Coping with jet lag

Shot from in-flight over Texas, by Kevan Hall
Shot from in-flight over Texas, by Kevan Hall

When we asked our team of specialists for their tips for travelling, for our readers who work in global roles.

They came up with enough for a whole series of blogs, and we hope you’ve enjoyed the series.  Since the team spends a lot of time travelling, preparing for it, or recovering from it, it was inevitable that the subject of jet lag would come up.

Their tips include:

Starvation re-sets the body clock. Don’t eat on the plane (anything…at all). Instead, eat the appropriate meal for the time of day before you get on the plane, then eat the appropriate meal for the time of day when you get off the plane. (Leave it 30 minutes after you’ve left the airport, ideally). Non-alcoholic drinks are fine, but don’t eat anything in between (not even the snacks). It’s really effective to avoid jet lag – in either direction. (Janet Davis)

Seek the sunshine to help adjust more easily. (We’ve learned that having windows in the training room also helps to deal with jet lag.) (Peter Guendlig)

If you’re going East, go to bed early (9 PM-ish) and start work at 4 AM on your emails  – it helps you to stay in the European time zone, avoiding jet lag when back home, suggests Peter Guendlig (based out of Germany).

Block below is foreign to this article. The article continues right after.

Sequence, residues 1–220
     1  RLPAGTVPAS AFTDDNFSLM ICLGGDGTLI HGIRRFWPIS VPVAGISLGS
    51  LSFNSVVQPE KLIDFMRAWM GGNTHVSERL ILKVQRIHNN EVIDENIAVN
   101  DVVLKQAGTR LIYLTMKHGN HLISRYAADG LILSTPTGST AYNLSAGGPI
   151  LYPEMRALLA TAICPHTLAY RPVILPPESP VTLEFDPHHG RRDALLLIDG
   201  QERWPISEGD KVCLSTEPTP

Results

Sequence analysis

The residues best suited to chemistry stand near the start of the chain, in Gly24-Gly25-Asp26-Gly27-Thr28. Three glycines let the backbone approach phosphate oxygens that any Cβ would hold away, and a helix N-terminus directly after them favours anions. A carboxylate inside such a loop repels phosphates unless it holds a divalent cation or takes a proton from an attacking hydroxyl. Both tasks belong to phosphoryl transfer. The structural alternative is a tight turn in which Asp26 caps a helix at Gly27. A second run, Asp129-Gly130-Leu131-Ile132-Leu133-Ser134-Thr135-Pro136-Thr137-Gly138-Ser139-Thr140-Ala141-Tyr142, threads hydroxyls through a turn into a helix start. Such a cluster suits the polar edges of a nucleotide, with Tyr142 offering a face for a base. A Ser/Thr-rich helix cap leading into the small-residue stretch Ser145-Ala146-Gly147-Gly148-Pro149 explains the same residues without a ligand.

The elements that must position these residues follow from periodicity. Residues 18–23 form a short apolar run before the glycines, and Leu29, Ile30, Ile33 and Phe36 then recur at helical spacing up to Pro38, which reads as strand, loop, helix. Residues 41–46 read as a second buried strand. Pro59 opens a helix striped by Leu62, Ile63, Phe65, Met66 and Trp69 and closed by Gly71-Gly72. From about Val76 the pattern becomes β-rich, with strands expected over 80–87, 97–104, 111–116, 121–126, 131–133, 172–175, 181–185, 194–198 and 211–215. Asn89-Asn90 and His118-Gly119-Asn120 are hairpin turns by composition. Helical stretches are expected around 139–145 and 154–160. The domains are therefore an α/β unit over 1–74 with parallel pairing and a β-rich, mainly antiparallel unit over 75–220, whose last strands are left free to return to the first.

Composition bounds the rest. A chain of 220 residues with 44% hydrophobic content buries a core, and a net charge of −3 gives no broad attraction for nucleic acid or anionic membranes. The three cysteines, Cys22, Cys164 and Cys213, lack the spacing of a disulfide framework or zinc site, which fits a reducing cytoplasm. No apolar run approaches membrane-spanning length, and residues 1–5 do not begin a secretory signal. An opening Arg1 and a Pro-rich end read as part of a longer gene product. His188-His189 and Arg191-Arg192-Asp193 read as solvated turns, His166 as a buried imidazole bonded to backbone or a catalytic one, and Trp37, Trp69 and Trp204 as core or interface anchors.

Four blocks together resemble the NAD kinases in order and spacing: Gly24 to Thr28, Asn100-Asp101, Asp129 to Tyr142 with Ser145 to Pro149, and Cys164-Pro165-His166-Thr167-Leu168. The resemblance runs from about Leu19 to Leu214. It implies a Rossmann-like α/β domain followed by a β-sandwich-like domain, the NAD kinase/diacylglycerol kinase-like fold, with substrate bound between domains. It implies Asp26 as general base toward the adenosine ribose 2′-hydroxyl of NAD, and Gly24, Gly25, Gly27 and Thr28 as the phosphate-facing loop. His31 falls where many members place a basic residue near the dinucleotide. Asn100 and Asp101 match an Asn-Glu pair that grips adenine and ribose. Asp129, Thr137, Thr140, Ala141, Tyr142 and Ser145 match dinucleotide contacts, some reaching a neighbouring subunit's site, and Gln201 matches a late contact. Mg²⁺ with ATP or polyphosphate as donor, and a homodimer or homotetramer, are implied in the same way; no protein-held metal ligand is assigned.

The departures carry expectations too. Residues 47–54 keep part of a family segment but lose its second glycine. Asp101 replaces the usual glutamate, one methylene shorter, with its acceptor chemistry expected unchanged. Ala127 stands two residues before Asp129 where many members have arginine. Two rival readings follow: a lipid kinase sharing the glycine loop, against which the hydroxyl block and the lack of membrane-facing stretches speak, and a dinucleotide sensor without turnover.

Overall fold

By contrast, Janet Davis suggests you reset your watch to the time at the arrival destination as soon as you get on the plane. And keep it that way until you return home. Lots of travellers say repeatedly: “I’m tired, because it’s 4 am at home”. No, it’s not! It’s whatever time it is, wherever you are.  Live with it. Forget what time it might be elsewhere in the world.

Can you take something to help? Jerome Docherty Bigara recommends a homeopathic remedy called No-Jet-Lag‘ from New Zealand.

This recommendation lead to a discussion about Melatonin, (legal in the US), a contentious hormone treatment,that appears to help with jet lag by helping re-establish sleep patterns.

Opinions on its use range vastly. It can cause reduced alertness, as well as the long term effects of it being unknown/untested, but a quick search online revealed many advocates.

Why mention it here?

The debate raises an issue around the stresses placed on an individual’s body when working globally and travelling constantly – not so much over short distances, but over long distances and time zones:

  • Do employers owe it to their staff to discuss the stress of jet lag, and how to deal with it, with them?
  • How understanding are colleagues?
  • What in initiatives does your company have in place?
  • What works for you?

We’d love to hear your views.

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